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Hoffmann, R. A wiki for the life sciences where authorship matters. Nature Genetics (2008)

Differential effects of 2,3,7,8-tetrachlorodibenzo-p-dioxin on the "adipose- type" and "brain-type" glucose transporters in mice.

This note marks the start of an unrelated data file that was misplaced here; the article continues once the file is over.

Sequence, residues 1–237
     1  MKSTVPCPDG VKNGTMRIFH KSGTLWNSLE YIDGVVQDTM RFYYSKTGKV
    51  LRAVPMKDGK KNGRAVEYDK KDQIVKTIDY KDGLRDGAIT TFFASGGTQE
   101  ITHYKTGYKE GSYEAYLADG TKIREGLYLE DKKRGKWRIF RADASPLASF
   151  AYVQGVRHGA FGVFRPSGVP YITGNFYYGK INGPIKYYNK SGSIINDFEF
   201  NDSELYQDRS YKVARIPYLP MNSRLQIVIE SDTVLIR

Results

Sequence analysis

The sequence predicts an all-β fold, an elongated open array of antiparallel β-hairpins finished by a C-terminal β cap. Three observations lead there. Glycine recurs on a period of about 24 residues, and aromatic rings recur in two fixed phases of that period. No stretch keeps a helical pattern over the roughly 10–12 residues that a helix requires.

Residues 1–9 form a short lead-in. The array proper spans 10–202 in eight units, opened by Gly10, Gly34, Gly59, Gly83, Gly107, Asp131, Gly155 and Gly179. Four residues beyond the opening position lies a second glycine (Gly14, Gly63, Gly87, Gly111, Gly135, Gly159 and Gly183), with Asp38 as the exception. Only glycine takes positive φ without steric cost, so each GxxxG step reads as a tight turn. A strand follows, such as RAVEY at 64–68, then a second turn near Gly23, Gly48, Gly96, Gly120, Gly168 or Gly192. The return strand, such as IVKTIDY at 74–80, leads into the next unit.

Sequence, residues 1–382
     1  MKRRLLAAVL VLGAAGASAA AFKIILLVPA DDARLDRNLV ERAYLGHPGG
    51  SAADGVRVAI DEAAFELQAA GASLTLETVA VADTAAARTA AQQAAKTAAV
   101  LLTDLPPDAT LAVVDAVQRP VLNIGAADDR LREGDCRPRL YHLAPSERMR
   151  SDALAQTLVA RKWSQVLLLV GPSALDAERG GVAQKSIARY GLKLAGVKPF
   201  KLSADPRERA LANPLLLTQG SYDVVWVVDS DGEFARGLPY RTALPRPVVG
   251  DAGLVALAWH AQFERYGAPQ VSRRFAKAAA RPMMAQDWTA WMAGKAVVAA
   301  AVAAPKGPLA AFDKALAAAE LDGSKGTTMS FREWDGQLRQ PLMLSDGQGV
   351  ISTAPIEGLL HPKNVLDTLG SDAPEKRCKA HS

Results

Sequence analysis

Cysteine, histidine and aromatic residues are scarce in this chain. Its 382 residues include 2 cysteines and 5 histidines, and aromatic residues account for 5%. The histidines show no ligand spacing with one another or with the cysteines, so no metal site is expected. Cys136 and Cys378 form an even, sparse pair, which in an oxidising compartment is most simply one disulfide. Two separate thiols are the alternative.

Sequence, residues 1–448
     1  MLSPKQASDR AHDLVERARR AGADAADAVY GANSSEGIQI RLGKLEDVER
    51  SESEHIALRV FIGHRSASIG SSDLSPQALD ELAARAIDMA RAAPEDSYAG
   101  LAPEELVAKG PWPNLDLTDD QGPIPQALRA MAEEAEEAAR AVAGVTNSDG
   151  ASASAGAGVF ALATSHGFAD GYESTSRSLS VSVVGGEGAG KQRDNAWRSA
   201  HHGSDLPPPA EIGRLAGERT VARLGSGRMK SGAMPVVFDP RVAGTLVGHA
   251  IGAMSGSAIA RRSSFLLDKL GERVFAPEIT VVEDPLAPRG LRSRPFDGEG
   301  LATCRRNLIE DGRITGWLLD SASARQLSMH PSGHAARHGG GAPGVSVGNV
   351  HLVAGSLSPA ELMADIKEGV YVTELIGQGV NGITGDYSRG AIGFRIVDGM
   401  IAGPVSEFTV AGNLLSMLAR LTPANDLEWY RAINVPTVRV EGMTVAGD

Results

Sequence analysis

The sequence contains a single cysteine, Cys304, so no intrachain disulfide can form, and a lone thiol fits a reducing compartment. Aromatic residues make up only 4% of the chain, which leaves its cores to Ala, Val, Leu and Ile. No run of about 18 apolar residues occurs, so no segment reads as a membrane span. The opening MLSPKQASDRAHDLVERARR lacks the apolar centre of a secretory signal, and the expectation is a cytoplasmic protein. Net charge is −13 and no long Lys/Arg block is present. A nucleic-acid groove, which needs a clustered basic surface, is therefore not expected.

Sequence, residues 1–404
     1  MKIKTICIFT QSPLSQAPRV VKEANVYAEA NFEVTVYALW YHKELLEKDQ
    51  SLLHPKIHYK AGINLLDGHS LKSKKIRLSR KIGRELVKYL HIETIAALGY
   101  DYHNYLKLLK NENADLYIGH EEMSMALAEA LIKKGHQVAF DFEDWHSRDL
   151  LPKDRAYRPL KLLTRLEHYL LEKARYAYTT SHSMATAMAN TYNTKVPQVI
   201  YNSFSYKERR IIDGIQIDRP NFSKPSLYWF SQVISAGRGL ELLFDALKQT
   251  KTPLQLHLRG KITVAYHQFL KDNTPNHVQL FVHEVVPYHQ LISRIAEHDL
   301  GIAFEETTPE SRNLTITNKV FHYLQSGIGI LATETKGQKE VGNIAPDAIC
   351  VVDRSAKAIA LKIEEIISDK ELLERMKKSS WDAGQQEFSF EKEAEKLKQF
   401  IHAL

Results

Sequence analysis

One prominent symptom of acute toxicity from 2,3,7,8-tetrachlorodibenzo-p- dioxin (TCDD) is a loss of adipose tissue and body weight, a phenomenon known as the wasting syndrome. In the current study, we examined the effect of TCDD on glucose transport in mice. A single intraperitoneal dose of TCDD (116 micrograms/kg) resulted in a time-dependent decrease in transport activity in adipose tissue and brains of C57BL/6 mice. Reduction of transport occurred within 24 hr in both tissues. In adipose tissue a slight recovery was observed by 30 days, but in the brains of treated animals glucose transport was significantly decreased even at the latest time. A comparison of dose-response relationships for several tissues between C57BL/6 (TCDD-responsive) and DBA/2J (TCDD-nonresponsive) mice showed parallel curves, with the C57BL/6 animals showing a 10-20-fold greater sensitivity. The estimated ED50 values for reduction of transport in adipose tissue were 50 micrograms/kg and 800 micrograms/kg for the C57BL/6 and DBA/2J strains, respectively. Treatment of isolated adipose tissue in culture with TCDD and two biphenyl congeners produced a decrease in transport activity that matched the rank order of aryl hydrocarbon receptor affinity for the compounds. Immunoblotting for the adipose-type (type 4) glucose transporter (GLUT) showed a 40% decrease in the membrane fraction of adipose tissue from C57BL/6 mice treated with 116 micrograms/kg TCDD for 40 hr. A similar decrease in the brain-type GLUT1 was observed in the plasma membrane fraction of brain tissues isolated from the same animals. Analysis of RNA for the corresponding GLUT4 and GLUT1 genes showed a dramatic decrease in GLUT4 mRNA as early as 24 hr after treatment. In contrast, the level of GLUT1 mRNA increased slightly in the brains of treated mice. We conclude that regulation by TCDD of glucose transport activity in mice is an aryl, hydrocarbon receptor-dependent process and that the adipose-type GLUT4 appears to be regulated at the mRNA level, whereas the brain-type GLUT1 is affected mainly at the protein level.[1]


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